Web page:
4.5 Stroke

A very powerful way of defining shapes is by applying a stroke to a previously defined shape. The metaphor for stroke is that a scalpel is moved parallel to the segments of the shape definition, at a specified distance perpendicular to the segments:

Figure 8: Stroke operation applied to an open shape

openStroke: @Shape
  do (100, 100) -> open;
     (150,  50) -> lineTo;
     (200, 100) -> lineTo;
     (250,  50) -> lineTo;
     (300, 100) -> splineTo;
     (350,  50) -> splineTo;
     (400, 100) -> splineTo;
     (10, CapButt, JoinMiter) -> stroke;
[45 bytes 50x5 GIF]

Resulting Shape:

[2kb 207x72 GIF]

In the Figure above, the dashed curve is the original shape which consists of three line segments and one spline segment with four control points (the control points are not shown). The resulting shape is the outline made by the scalpel. The scalpel starts (and ends) in the leftmost top corner. The orientation of the resulting shape is indicated with arrows along the segments. Notice that the shape is closed after the operation has been applied.

A closed shape is stroked likewise but with no need to make special ends:

Figure 9: The stroke operation applied to a closed shape

closedStroke: @Shape
  do ( 50, 100) -> open;
     (200, 100) -> lineTo;
     (200,  50) -> lineTo;
     ( 50,  50) -> lineTo;
     (10, CapButt, JoinMiter) -> stroke;
[45 bytes 50x5 GIF]

Resulting Shape:

[1kb 172x69 GIF]

Notice the different orientation of the outer and inner shapes, and that the resulting shape consists of two shapes (or more precisely: the shape consists of four line segments and one shape - also consisting of four line segments)

When the stroke operation has been applied, the original shape is altered and cannot be restored but only the new shape can be manipulated (i.e. the segments of the original shape are irreversibly replaced with the segments that define the new stroked shape). This is different from traditional graphics systems like PostScript, where the original shape (or path in PostScript terms) is unchanged and the stroke only makes a temporary outline which is discharged after having been used for filling an area of the drawing surface. Notice particularly, that the stroke of a spline segment results in two parallel spline segments. This is a completely new idea, since the traditional graphics systems can avoid calculating new spline control points by approximating the spline with a polygon before calculating the temporary outline (the traditional models do not need the new splines since the temporary outline is immediately discarded without giving the user the possibility to transform or modify the stroked spline).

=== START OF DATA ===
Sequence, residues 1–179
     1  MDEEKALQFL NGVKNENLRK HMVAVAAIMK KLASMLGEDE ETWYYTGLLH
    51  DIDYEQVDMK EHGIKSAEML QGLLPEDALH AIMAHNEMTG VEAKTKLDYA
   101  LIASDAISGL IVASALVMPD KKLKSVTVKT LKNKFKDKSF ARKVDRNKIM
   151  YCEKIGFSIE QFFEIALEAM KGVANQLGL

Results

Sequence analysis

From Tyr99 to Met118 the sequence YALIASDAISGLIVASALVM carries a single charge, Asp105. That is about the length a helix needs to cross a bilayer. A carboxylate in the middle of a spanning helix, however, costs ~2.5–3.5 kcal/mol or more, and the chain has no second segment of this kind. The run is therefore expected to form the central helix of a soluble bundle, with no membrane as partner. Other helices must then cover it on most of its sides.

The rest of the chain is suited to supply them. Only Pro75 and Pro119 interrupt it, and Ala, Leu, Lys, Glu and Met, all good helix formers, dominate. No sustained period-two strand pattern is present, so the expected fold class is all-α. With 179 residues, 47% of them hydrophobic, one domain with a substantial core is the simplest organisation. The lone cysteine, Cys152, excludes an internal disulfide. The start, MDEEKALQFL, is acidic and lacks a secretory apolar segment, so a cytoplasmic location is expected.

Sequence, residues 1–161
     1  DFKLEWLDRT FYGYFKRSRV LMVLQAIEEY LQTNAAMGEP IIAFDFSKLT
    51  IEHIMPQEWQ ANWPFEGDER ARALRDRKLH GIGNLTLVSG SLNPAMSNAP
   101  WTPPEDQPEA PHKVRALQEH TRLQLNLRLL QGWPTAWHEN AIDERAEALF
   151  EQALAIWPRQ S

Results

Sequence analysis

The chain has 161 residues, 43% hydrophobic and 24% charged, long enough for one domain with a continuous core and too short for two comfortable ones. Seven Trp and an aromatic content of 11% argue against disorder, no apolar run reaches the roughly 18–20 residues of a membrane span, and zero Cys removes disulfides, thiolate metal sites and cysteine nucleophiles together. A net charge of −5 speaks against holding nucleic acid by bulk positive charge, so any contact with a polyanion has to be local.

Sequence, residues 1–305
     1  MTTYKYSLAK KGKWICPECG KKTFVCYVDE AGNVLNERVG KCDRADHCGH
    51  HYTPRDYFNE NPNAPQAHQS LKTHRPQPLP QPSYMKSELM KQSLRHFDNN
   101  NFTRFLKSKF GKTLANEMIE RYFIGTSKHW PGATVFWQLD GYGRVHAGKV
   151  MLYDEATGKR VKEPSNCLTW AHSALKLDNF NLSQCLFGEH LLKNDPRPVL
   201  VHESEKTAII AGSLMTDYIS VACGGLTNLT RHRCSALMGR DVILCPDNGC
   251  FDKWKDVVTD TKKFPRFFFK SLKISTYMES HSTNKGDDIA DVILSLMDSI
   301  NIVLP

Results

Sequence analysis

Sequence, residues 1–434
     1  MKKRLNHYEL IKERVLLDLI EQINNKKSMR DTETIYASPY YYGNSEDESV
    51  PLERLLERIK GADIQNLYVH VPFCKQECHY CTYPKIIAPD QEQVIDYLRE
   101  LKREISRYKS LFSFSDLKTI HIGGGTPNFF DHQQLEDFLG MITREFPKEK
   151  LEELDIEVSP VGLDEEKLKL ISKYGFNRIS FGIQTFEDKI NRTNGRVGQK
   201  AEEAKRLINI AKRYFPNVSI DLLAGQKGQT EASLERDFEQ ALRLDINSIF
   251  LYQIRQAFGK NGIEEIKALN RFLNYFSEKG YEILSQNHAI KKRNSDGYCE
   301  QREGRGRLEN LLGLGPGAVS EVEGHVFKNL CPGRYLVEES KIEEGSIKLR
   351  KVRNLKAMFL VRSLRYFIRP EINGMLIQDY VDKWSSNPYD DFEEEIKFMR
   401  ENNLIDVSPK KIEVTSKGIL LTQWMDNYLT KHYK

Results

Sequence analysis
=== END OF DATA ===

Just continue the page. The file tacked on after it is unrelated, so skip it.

The advantage of altering the shape is that it then becomes possible to further manipulate the shape, and that the shape can be used for other purposes than just drawing it, e.g. clip to the shape, detect mouse clicks within the shape etc.

4.5.1 Cap and Join Styles

The Cap parameter to the Stroke operation determines how the resulting shape looks in the part of it corresponding to the end point of the original shape. The Cap parameter is only relevant for open shapes. The Join parameter determines how the line parts of the shape are joined. In the example above for an open shape, the Cap parameter is CapButt specifying a line perpendicular to the shape and the Join parameter in both examples is JoinMiter. The alternatives are illustrated in the Figure below.

Figure 10: Cap and join styles for the Stroke operation

[2kb 262x121 GIF]

The Bifrost Graphics System - Reference Manual
© 1991-2004 Mjølner Informatics
[Modified: Tuesday October 24th 2000 at 22:29]